The United States, along with 97 other countries said Sunday that they expect the Taliban ensure "safe and orderly" travel out of Afghanistan amid concerns that the terror group will prohibit people from leaving the country after President Joe Biden's self-imposed Aug. 31 deadline for the evacuation of U.S. troops.
"We are all committed to ensuring that our citizens, nationals and residents, employees, Afghans who have worked with us and those who are at risk can continue to travel freely to destinations outside Afghanistan," the 98 countries said in a joint statement.
"We have received assurances from the Taliban that all foreign nationals and any Afghan citizen with travel authorization from our countries will be allowed to proceed in a safe and orderly manner to points of departure and travel outside the country," the statement continued.
The countries said that people who desired evacuation from Afghanistan would still be provided travel documentation, adding that they had a "clear expectation of and commitment from the Taliban that they can travel to our respective countries."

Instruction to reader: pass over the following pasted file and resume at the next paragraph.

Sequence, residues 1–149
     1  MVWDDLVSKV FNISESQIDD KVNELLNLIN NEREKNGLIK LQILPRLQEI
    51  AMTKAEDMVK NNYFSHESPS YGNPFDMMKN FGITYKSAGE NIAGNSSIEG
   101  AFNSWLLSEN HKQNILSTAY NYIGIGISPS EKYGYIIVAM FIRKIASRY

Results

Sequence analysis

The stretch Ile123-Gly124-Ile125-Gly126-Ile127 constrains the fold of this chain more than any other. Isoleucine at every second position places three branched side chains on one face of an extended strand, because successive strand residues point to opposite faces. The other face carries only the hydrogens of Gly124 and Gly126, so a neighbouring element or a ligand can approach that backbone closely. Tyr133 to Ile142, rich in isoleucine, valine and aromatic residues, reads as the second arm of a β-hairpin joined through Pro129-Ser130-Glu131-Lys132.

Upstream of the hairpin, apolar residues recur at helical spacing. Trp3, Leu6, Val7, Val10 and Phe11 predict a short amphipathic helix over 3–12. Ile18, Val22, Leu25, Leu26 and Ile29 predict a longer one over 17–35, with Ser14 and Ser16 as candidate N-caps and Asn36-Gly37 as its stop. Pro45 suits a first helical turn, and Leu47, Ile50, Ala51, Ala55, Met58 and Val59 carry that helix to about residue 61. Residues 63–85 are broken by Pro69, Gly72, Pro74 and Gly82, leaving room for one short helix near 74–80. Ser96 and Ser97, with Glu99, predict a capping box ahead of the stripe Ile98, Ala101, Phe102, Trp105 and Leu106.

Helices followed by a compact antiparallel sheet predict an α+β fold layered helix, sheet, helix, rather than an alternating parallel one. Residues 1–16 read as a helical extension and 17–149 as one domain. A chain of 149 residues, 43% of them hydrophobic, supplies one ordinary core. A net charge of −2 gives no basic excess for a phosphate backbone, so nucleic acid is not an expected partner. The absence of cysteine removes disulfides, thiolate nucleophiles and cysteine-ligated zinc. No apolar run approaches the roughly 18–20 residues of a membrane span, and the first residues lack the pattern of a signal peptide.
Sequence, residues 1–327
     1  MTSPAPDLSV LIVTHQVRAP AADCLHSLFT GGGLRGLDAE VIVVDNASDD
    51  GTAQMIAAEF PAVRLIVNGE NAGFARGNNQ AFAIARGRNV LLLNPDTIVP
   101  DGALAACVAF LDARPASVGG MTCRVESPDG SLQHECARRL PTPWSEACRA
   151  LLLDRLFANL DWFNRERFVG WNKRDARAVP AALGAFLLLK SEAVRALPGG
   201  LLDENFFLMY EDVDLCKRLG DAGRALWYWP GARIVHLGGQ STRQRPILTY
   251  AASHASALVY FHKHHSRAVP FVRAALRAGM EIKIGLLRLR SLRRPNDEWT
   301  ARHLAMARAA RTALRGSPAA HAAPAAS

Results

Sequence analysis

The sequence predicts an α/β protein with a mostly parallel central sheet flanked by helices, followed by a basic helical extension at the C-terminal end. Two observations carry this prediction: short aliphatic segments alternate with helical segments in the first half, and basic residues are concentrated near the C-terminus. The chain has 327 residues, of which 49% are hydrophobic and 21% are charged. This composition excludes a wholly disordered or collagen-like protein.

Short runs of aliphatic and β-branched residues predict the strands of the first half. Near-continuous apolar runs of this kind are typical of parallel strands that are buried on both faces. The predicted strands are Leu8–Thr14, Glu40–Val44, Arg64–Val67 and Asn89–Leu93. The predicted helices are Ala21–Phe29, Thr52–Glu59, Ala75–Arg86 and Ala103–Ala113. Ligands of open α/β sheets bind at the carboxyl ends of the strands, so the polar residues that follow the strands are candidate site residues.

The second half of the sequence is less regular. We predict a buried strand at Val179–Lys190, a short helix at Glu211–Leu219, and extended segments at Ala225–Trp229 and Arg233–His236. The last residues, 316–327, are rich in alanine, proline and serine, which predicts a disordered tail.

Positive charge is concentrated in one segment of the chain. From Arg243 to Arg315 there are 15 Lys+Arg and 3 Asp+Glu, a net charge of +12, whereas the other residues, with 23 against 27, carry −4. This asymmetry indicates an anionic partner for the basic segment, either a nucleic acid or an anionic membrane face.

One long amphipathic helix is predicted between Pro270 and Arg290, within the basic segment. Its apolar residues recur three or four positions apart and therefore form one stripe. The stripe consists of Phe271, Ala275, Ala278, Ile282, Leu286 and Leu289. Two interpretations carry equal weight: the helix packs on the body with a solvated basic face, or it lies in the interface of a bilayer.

And while Sunday's statement did not describe the consequences the Taliban could face if they failed to uphold their assurances, a senior State Department official told The New York Times that the countries were hinting that foreign aid and incentives could be at stake.
Taliban spokesperson Suhail Shaheen issued a statement Saturday on behalf of Sher Mohammed Abas Stanekzai, deputy director for the Taliban’s political office, insisting that Afghans who had proper documentation would be allowed to leave the country.
"Those Afghans who are intending to go abroad, they can do so in a dignified manner and peace of mind by having legal documents like passports and visas after resumption of commercial flights in the country. S.Abas Stanikzai Deputy Director, Political Office," Shaheen said in a tweet.
This comes as the U.S. and other countries still in Afghanistan have begun their final withdrawal of military troops from the region.